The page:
Mukti Bahini

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Mukti Bahini appellation of the forces of the war of liberation. The immediate precursor of the Mukti Bahini was Mukti Fauj, which was preceded denominationally by the Sangram Parishads formed in the cities and villages by the student and youth leaderships in early March 1971. When and how the Mukti Fauj was created is not clear nor is the later adoption of the name Mukti Bahini. It is, however, certain that the names originated from the people who joined the liberation struggle. The Mukti Bahini obtained strength from the two main streams of fighting elements: members of armed forces of erstwhile East Pakistan and members of the urban and rural sangram parishads.

Mukti Bahini

On 12 April 1971 Colonel (later General) Mag Osmany assumed the command of armed forces at Teliapara (Sylhet) headquarters. Osmany was made the commander-in-chief of Bangladesh Armed Forces on 17 April 1971. Serious initiative for organising the Bangladesh liberation army was taken between 11 and 17 July. In a meeting of the sector commanders in Calcutta four important resolutions were taken in consideration of strategic aspects of the war, existing problems and future course of resistance.

These were:

1.  Composition and tactics of the combatants would be as follows: (i) Guerrilla teams comprising 5 to 10 trained members would be sent to specific areas of Bangladesh with specific assignments; (ii) Combat soldiers would carry out frontal attacks against the enemy. Between 50 and 100 per cent would carry arms. Intelligence volunteers would be engaged to collect information about the enemy among whom 30 percent would be equipped with weapons;

2.  The regular forces would be organised into battalions and sectors.

3.  The following strategies would be adopted while carrying out military operations against the enemy; (i) a large number of guerrillas would be sent out inside Bangladesh to carry out raids and ambushes; (ii) industries would be brought to a standstill and electricity supply would be disrupted; (iii) Pakistanis would be obstructed in exporting manufactured goods and raw materials; (iv) communication network would be destroyed in order to obstruct enemy movements; (v) enemy forces would be forced to disperse and scatter for strategic gains; (vi) attacks would be launched on scattered enemy soldiers in order to annihilate them.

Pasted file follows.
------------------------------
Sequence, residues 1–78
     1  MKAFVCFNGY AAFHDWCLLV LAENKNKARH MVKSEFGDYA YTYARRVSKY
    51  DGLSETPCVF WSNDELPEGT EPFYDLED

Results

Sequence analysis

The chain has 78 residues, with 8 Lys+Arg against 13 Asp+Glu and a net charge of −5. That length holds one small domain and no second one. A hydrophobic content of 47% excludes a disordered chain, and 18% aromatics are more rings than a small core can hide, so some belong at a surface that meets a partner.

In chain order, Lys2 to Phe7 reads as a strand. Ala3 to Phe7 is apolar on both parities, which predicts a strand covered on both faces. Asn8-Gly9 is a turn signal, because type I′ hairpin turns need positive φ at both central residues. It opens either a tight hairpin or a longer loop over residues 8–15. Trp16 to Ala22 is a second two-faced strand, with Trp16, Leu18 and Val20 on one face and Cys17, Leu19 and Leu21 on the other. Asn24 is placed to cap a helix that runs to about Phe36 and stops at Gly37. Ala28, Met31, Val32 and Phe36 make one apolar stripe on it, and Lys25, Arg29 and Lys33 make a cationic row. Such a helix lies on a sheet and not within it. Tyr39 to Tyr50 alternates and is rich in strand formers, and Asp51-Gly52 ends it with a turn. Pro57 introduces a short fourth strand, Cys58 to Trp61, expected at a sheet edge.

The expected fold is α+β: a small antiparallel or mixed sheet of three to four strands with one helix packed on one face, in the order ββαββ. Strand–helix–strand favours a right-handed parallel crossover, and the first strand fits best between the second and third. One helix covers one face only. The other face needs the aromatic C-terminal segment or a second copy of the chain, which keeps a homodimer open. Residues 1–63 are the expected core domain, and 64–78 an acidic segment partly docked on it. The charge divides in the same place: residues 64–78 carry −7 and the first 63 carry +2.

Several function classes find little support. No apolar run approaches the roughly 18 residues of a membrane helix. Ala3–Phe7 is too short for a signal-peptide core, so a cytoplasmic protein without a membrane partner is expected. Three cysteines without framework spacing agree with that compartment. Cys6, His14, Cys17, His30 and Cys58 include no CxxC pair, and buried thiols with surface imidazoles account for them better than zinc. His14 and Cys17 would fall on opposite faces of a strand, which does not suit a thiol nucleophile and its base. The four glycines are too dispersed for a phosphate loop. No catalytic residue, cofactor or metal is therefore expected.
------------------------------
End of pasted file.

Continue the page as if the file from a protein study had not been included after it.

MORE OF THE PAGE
4.  The whole area of Bangladesh would be divided into 11 sectors.

Regular and irregular forces The regular forces consisted of the three forces: Z-Force under the command of Major Ziaur Rahman, K-Force under Khaled Mosharraf and S-Force under KM Shafiullah. Most of the soldiers came from East Pakistan Rifles and East Bengal Regiment. Those members of the EPR, Police and Army who could not be accommodated in these battalions were divided into units and sub-units to fight in different sectors. The irregular forces were those who were trained for guerrilla warfare. In addition, there were also some independent forces that fought in various regions of Bangladesh and liberated many areas. These included mujib bahini, Kaderia Bahini, Afsar Battalion and Hemayet Bahini.

Bangladesh Navy Bangladesh Navy was constituted in August 1971. Initially, there were two ships and 45 navy personnel. These ships carried out many successful raids on the Pakistani fleet. But both of these ships were mistakenly hit and destroyed by the Indian fighter planes on 10 December 1971, when they were about to launch a major attack on Mongla seaport.

Bangladesh Air Force started functioning on 28 September at Dimapur in Nagaland under the command of Air Commodore AK Khondakar. Initially, it comprised of 17 officers, 50 technicians, 2 planes and 1 helicopter. The Air Force carried out more than twelve sorties against Pakistani targets and were quite successful during the initial stages of the Indian attack in early December.

Mukti Bahini in the final phase The liberation forces started carrying out massive raids into enemy fronts from October 1971. After the signing of the Indo-Soviet Treaty in August 1971, India began to demonstrate more interest in the Bangladesh war. And finally, India entered the war on 3 December 1971. In fact, the Indian soldiers were already participating in the war in different guises since November when the freedom fighters had launched the Belonia battle.

Because of the geo-morphology of Bangladesh, the war could not be won too swiftly. Even then, Dhaka was liberated in a matter of two weeks, the previous successes of the freedom fighters during the preceding few months having been a major contributing factor.

On 16 December 1971, commander of the 14 division of Pakistan army Major General Jamshed surrendered to Indian General Nagra near Mirpur bridge in Dhaka. At 10.40 am, the Indian allied force and Kader Siddiqui entered Dhaka city. That signaled the end of 9-month long War of Liberation of Bangladesh. Stray battles were still waged at various places of the country.

The Commander of Eastern Command of the Pakistan Army Lt General Ameer Abdullah Khan Niazi surrendered to the commander of the joint Indo-Bangladesh force and the chief of Indian eastern command Lt. General Jagjit Singh Aurora. The Bangladesh Forces were represented at the ceremony by Group Captain AK Khondakar. [Helal Uddin Ahmed]